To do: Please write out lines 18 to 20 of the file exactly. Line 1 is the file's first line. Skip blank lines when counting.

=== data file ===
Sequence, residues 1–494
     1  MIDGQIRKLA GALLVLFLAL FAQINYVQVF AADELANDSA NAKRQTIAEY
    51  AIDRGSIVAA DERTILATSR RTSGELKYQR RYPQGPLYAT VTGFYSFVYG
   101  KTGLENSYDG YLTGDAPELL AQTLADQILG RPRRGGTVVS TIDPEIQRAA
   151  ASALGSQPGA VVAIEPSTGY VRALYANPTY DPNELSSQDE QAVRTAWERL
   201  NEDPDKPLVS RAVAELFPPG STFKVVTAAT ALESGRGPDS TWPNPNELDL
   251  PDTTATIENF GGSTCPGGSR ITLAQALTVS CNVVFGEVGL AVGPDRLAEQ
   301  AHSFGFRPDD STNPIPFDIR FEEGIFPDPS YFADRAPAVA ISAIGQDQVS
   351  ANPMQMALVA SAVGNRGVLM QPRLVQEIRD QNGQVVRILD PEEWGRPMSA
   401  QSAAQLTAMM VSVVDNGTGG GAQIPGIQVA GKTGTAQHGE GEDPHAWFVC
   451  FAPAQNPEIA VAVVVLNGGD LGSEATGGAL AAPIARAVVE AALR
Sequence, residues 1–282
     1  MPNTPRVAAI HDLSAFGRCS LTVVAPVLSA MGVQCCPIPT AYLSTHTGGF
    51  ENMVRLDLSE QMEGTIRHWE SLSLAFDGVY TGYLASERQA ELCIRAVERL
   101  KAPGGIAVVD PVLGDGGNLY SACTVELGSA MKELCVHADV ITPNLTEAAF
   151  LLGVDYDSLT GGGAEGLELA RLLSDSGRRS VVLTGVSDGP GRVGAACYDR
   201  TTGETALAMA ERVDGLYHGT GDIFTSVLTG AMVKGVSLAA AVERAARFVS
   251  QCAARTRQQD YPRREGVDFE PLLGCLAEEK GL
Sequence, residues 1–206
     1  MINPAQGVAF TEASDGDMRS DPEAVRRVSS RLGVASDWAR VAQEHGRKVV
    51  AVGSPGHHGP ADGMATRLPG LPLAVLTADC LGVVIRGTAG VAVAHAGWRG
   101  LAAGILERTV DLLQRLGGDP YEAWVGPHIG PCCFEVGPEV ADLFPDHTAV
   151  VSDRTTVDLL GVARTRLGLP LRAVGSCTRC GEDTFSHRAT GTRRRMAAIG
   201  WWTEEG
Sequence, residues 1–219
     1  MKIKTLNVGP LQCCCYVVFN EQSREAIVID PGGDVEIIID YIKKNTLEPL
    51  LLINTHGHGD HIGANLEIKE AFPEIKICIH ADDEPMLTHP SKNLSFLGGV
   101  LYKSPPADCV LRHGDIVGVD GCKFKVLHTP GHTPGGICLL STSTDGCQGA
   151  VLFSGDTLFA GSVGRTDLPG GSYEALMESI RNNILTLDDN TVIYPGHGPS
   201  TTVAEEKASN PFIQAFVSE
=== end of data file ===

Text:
   251  QCAARTRQQD YPRREGVDFE PLLGCLAEEK GL
Sequence, residues 1–206
     1  MINPAQGVAF TEASDGDMRS DPEAVRRVSS RLGVASDWAR VAQEHGRKVV